Think about what Jesus says in the Gospel of Luke. I know you’re probably thinking, “Pastor, I can’t remember whether He says something in Matthew, Mark, Luke, or John, let alone to know what you’re thinking of specifically in Luke.” I know. So, at the end of the Gospel of Luke, Jesus is talking to His disciples. It’s after the resurrection, and He’s teaching them about His fulfillment of the Old Testament Scriptures, then He tells them “Thus it is written, that the Christ should suffer and on the third day rise from the dead, and that repentance for the forgiveness of sins should be proclaimed in his name to all nations.” What’s the message? Repentance for the forgiveness of sins! Not “it shall be well with you, No disaster shall come upon you.”
Now we hear that, and we might say, why? Why does it have to be so—how should we say it?—negative? Heavy? Well, that’s fair to ask I suppose. But let’s take a step back and consider what this deals with, Who were talking about. What is this? Who are we talking about? We’re talking about the eternal God! And we’re talking about how our sin has offended Him and created a rift between us that apart from repentance results in an eternity in hell. That’s a very serious thing. And so when we’re talking about God we don’t want to say false things about Him. That’s what the Second Commandment that tells us not to misuse His name tells us. That’s what our petition that His Name be hallowed means. It means that we would speak of Him rightly, that we would live faithfully according to His Word. It means that we would call upon Him in prayer, praise, and thanksgiving, not just willy-nilly or throw around His Name as an exclamation or even a curse. So that’s part of it.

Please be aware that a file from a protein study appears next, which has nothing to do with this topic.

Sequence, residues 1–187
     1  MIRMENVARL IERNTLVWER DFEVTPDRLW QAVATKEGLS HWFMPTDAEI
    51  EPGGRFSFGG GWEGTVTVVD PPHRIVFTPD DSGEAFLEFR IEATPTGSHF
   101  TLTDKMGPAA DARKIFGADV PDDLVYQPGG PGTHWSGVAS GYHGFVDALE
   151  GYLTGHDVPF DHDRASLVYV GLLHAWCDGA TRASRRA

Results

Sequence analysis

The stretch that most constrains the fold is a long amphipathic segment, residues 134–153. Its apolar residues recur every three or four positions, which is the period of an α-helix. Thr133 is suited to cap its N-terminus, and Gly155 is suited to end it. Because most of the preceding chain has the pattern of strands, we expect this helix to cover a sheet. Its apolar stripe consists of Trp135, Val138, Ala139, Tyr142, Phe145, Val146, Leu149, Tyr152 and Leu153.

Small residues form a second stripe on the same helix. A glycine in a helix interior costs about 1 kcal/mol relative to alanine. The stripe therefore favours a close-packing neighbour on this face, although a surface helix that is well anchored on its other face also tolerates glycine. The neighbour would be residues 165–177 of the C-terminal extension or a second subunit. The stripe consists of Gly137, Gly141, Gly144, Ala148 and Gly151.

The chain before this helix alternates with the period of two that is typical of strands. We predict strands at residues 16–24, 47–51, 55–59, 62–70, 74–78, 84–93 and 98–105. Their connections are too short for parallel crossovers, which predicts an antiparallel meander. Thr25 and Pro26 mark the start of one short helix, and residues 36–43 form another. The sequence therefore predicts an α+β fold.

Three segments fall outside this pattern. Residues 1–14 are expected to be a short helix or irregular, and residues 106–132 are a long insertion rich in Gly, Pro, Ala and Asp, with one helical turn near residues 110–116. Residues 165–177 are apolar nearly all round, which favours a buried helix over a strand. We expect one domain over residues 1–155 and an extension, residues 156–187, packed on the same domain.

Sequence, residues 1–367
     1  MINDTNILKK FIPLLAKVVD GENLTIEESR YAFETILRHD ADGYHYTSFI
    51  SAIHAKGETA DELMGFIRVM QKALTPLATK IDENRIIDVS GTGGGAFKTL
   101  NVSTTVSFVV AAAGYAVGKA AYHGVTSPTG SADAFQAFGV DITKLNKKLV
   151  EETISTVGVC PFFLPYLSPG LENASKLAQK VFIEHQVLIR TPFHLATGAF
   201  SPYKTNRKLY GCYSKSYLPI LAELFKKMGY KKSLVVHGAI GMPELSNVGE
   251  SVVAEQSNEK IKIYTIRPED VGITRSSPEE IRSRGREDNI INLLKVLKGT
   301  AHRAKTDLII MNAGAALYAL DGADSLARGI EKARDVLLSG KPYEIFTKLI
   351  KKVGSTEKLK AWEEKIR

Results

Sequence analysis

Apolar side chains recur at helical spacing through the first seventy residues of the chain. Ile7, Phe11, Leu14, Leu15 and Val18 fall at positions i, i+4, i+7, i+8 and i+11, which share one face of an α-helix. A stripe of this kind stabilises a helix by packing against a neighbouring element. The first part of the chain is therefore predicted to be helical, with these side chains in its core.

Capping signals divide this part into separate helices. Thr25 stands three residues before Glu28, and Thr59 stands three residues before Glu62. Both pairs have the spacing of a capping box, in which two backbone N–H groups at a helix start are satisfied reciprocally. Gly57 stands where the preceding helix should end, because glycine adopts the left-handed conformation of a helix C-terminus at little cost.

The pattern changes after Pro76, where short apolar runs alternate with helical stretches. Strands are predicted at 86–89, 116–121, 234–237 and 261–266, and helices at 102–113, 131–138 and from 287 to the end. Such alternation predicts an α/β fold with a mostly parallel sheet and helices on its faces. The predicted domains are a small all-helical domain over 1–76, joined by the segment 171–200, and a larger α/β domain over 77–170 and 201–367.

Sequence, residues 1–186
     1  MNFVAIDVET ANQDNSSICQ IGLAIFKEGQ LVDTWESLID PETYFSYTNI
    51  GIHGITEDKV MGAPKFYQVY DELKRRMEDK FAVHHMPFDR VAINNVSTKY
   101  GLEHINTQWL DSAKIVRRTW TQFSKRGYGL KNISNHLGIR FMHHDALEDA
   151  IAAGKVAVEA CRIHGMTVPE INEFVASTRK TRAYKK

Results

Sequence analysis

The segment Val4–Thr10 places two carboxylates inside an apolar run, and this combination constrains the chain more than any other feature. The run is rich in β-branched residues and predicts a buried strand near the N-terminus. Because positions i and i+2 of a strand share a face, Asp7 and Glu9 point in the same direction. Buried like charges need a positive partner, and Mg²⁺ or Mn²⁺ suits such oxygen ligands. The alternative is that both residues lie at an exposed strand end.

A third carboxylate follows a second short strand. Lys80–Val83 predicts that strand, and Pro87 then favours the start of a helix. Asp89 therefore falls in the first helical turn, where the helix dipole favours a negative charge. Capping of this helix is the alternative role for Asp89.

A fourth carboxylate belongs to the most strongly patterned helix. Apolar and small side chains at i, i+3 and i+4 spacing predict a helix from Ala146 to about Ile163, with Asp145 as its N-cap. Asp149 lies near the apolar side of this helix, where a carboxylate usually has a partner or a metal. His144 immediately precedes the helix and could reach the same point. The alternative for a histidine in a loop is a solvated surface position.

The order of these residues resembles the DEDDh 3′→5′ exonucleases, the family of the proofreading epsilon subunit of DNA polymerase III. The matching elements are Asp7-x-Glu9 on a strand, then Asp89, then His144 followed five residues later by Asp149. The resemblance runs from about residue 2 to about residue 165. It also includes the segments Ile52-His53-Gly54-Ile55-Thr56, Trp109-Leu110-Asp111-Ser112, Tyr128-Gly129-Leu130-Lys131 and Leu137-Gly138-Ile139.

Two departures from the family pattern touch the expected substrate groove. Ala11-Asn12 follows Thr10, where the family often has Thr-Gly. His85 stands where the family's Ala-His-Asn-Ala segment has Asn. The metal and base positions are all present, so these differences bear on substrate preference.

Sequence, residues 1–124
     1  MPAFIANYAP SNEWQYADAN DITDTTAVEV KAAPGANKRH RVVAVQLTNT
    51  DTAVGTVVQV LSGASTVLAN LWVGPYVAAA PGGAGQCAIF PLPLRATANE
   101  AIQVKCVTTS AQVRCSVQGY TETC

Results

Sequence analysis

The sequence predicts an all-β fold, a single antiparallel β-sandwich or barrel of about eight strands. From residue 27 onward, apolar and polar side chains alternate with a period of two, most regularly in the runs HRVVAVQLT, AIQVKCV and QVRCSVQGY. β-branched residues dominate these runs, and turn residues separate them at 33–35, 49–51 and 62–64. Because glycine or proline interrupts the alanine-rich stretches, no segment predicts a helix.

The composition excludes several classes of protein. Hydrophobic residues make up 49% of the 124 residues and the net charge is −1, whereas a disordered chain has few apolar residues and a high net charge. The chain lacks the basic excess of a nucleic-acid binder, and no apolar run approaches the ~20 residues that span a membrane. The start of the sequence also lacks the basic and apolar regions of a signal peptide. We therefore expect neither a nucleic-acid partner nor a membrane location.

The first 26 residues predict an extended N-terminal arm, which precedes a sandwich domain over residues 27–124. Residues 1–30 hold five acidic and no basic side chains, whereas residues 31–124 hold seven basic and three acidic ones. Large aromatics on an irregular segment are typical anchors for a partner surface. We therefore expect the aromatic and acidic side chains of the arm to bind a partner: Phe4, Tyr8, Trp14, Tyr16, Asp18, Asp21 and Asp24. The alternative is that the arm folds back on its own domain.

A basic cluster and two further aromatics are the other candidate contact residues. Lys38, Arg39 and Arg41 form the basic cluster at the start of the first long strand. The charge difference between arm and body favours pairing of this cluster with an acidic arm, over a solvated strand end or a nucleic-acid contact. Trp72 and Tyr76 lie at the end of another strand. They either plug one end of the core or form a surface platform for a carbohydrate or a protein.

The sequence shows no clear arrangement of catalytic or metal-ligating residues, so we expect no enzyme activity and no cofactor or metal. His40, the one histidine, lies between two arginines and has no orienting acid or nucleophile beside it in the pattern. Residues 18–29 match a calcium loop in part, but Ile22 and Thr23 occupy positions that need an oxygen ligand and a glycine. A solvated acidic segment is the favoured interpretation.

The other part of it is love. The other part of it is the care of souls. Christians, there is a real danger in unrepentance. There is a real harm that will come to those who don’t repent. And out of love we don’t want that. When people don’t hear that, that’s a problem. When a teacher is telling them publicly that repentance is a non-issue or shouldn’t be preached much, if at all, so that the message can be more positive, that’s a false prophet. That’s telling people what they want to hear. That’s why we preach the commandments to their fullest demand, and why we don’t shy away from describing the full consequence of falling away from them.
But we also include in that preaching of repentance, the faith that clings to Jesus. And that’s what we really want people to know. We want people to know the Christ who is the second person of the Trinity, God made man in the flesh of Jesus of Nazareth. And we want people to know that this Christ was crucified on the cross of Calvary that people’s sins would be atoned for, completely covered by His blood that they would have eternal life with this Lord who created them and loves them, this Good Shepherd Who laid down His life for the sheep. We also want them to know how He promises to be with them that they can have certainty; how He promises to meet with them in His Word, His preaching, and in the waters of baptism and how He promises to come to them in His body and blood. We want them to have that assurance even over against Churches who get it right that Jesus died for their sins and saves by faith alone but don’t get that presence in Word and Sacrament right, because that promise of His presence gives assurance and comfort when that Hammer of God’s Law crushes us. And we want this out of love for them. We want it that way just as Paul wanted the Ephesians protected from wolves, just as Jesus calls us to watch out for wolves in sheep’s clothing. And we want this for ourselves because our Lord wants this for us out of His great love for us. His love that caused Him to die for our sins that we could be with Him forever. Amen.